6 Essential Tips For Buying A Used Motorcycle Engine


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If you have damaged your motorcycles engine and are looking for a replacement, you may have considered purchasing a used engine. Is this risky? Buying a used motorcycle engine can be both risky and a bargain. It’s important that you are able to evaluate the used engine properly to determine whether it’s worth buying or not.

There are a lot of different reasons why you may want to buy a new motorcycle engine. Your options are either to repair the engine you have (if possible), buy a new engine, or buy a used engine. Additionally, you may be interested in buying a used engine if you want to have spare engine parts available for your motorcycle.

On top of buying the engine, you will also need to get it installed after purchasing it. This is something that you can do yourself if you feel comfortable enough doing it. Removing and replacing an engine can be a big task and requires a good amount of attention to detail.

I have had great luck buying used engines for my motorcycles. I’ve done it many times for my restorations and would highly recommend it. The following guide will walk you through some things you should always do and look for before buying a used motorcycle engine. I always do these when buying an engine and it has never lead me astray, our hope is that it’ll lead you in the right direction too!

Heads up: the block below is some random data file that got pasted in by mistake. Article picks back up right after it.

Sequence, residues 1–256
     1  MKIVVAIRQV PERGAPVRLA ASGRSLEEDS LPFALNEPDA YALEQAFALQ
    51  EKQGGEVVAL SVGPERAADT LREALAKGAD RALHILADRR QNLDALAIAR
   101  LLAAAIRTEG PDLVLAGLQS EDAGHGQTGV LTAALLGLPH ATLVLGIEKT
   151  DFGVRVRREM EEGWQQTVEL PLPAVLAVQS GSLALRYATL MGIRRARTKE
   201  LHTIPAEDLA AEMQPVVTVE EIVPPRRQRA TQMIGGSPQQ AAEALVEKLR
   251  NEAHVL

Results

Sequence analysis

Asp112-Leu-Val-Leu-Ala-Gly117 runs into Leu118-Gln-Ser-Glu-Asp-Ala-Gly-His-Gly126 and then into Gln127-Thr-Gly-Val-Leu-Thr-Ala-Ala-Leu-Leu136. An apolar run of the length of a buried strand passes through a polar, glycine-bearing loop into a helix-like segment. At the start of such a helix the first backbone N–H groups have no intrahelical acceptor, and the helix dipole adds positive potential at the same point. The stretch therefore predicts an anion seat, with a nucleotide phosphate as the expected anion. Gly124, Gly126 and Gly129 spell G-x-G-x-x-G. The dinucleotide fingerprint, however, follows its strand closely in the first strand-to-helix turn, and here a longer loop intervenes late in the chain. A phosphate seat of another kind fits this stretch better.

Perform A Compression Test

Performing a compression test on a used motorcycle engine is imperative, especially if you plan on using it as a replacement for your current engine. This type of test will be able to truly tell you if it’s something you could use as a replacement that actually works.

There are a few ways you can do this and a lot of this depends on whether or not the engine is still installed on the original motorcycle. First, let’s discuss how to perform a compression test on a motorcycle engine that is still installed.

Remove all the spark plugs from the engine. Then you’ll take a compression tester (you can rent these for free from auto parts stores or buy them pretty cheap on Amazon) and install the compression tester in cylinder number one (the spark plug hole). Once it’s threaded in and tightened, you’ll crank the engine for a few rotations via the electric starter button.

Read the pressure on the pressure gauge on the compression tester; record what that compression reading says. Repeat this process for all cylinders and record each reading. It’s good practice to test each cylinder a few times. Once you have tested all the cylinders, look at all your readings and compare them. There should be no more than a 10% variation between the highest reading cylinder and the lowest reading cylinder.

If you do have a greater than 10% variation between readings, then you have a leaking valve, a worn piston, or a blown head gasket. I do not recommend buying a used motorcycle engine that potentially has these problems unless you’re just using it for spare parts.

Now let’s talk about doing a compression test on a motorcycle engine that has been removed from the motorcycle. You’ll need to hook a battery up to the starter of the motorcycle engine using jumper cables. The black wire will clip to the starter housing and the positive wire will clip to the positive starter solenoid terminal. Then use a wire to jump between both starter solenoid terminals. This will cause the engine to rotate by way of the starter.